|T.J. Peng was born in Taipei but his family moved to California when he was 4 years old. A graduate of the Los Angeles College of Chiropractic, he is a licensed chiropractor in the state of California and a certified applied kinesiologist from the International College of Applied Kinesiology USA. He also obtained his Bachelor's degree in Biology and Psychology from the University of California, Santa Cruz. It was during his studies at UCSC when he fell upon yoga accidentally. While trying to learn skateboarding and surfing, a friend suggested he try yoga to help his balance and coordination. Fifteen years later, he is sharing one of his passions and experiences in life with others.|
T.J. has studied in the traditions of the late, great yogi Sri T. Krishnamacharya from South India. In this tradition the main focus of the yoga practice is the breath, because the quality of one's breath reflects the quality of one's mind. By combining breath with movement (Vinyasa) this form of yoga becomes a moving meditation. T.J's other Indian teachers have included SN Goenkaji, Sri K. Pattabhi Jois, BKS Iyengar, Srivatsa Ramaswami, K. Desikachar, and AG Mohan. He has also studied with American teachers in this lineage including Jasmine Lieb, Annie Carpenter, Julie Kleinman and Eric Small. T.J. is certified from YogaWorks in Santa Monica, California (Lisa Walford, Maty Ezraty and Chuck Miller) and Yoga Workshop in Boulder, Colorado (Richard Freeman and Mary Taylor).
|Qualifications & Certifications|
|500-hr Teacher Training Yoga Works - Santa Monica - US|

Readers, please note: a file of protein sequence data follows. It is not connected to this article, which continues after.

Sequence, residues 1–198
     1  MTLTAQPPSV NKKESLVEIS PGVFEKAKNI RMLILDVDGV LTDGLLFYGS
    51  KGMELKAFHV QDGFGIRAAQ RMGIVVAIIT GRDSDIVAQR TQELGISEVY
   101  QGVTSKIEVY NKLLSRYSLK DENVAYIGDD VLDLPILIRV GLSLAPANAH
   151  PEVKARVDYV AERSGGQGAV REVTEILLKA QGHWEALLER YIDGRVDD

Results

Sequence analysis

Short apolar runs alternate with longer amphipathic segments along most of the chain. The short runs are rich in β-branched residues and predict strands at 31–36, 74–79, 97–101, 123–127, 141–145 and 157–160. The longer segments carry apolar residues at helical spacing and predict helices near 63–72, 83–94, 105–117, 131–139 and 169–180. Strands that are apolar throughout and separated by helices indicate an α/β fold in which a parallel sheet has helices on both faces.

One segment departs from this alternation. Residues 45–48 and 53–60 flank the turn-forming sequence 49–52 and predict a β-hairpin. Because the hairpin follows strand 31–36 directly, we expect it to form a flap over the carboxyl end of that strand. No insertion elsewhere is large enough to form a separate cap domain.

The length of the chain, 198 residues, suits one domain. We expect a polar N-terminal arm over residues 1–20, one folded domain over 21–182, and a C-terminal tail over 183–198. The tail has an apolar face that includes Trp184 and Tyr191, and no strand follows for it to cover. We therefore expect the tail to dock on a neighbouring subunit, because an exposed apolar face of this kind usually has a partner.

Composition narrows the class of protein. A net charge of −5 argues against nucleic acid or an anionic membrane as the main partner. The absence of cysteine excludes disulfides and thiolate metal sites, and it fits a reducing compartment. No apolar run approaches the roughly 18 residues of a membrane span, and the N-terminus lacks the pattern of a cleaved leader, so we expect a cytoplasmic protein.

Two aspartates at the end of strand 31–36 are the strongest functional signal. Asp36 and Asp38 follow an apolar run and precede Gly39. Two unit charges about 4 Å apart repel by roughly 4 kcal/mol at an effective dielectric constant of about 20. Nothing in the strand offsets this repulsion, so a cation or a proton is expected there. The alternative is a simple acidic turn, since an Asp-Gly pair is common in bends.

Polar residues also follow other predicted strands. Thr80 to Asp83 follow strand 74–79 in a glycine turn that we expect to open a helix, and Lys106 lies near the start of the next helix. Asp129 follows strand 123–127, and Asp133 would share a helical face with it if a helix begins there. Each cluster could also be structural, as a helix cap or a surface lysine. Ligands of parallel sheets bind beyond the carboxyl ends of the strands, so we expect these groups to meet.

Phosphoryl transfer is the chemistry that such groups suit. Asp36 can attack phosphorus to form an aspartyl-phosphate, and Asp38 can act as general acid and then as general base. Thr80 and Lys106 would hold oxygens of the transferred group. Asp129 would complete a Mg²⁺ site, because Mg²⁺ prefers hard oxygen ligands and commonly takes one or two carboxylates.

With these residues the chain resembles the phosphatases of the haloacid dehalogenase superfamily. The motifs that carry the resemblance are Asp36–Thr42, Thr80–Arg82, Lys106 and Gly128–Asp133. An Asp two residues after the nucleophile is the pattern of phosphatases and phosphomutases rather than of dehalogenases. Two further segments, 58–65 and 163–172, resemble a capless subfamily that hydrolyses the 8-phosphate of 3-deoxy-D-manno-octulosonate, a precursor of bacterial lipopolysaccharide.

200-hr Teacher Training with Richard Freeman - Bolder, Colorado - US
Doctor of Chiropractic - Southern California University of Health Science- US
Licensed Chiropractor - State of California - US
Certified in Applied Kinesiology - International College of Applied Kinesiology - US
View this week's schedule for T.J. at:
|Karma and Chaos|
Dr. Paul Fleischman MD and Forrest Fleischman
This book tries to explain how Karma works using modern and scientific terminology. Beautifully written, it also connects the logical, pragmatic and reasoning thought process of the western mind with these ancient mystical teachings of the great eastern sage Gotama the Buddha.
|Yoga of the Yogi|
This is a biography of the greatest yogi of our time Sri T. Krishnamacharya - teacher of Sri K. Pattabhi Jois, Indra Devi, Sr. BKS Iyengar, and also the father of TKY Desikachar. This is a wonderful book filled with many photos and anecdotes of the great yoga master, the teacher of teachers.
AG Ganesh and Indra Mohan
This is a very well-written and concise book about yoga and its therapeutic applications and how to apply it to your day-to-day life.
This is the only book that systematised ashtanga yoga as taught by S.K. Pattabhi Jois with every vinyasa and dristi - a great reference book.
Eddie Stern and Robert Moses
This is a beautiful magazine that comes out bi-annually with amazing photographs and wonderful articles about the vast variety of Indian traditions and mysticisms. Its theme is the categories of Indian thought.
|The Clock of Vipassana Have Struck|
Sayagi U Ba Khin
A collection of essays and stories about the late great Vipassana meditation teacher Sayagyi U Ba Khin - the teacher of SN Goenkaji.
|T.J.'s Tips |
|As my first Ashtanga yoga teacher Chuck Miller would always kindly remind me during the early morning mysore practice: "Stop, before you start, don't hurry or rush, forget about achieving something, getting somewhere, it's not about what you can do but it's about how you do it, it's a process, a journey". So one can always just simply pause as John Lennon would say: "Life happens when we are in between planning.." Patanjali wrote "Nirodah Parinamah" Nirodah is the pause, or suspension, and Parinamah is the transformation that happens when we just stop and discover more about ourselves and uncover the layers of conditioning (the samskaras) from this life or the previous. Simply just come back to our breath - it is the only thing that is constant in this lifetime and it is also a tool for this yoga practice, for this yogic path. There is one truth but many paths just like there is one prana but many breaths. Use the quality of your breath to begin to learn about yourself (svadhyaya ) because the quality of your breath reflects the quality of your mind (hatha yoga pradipika prana=citta).|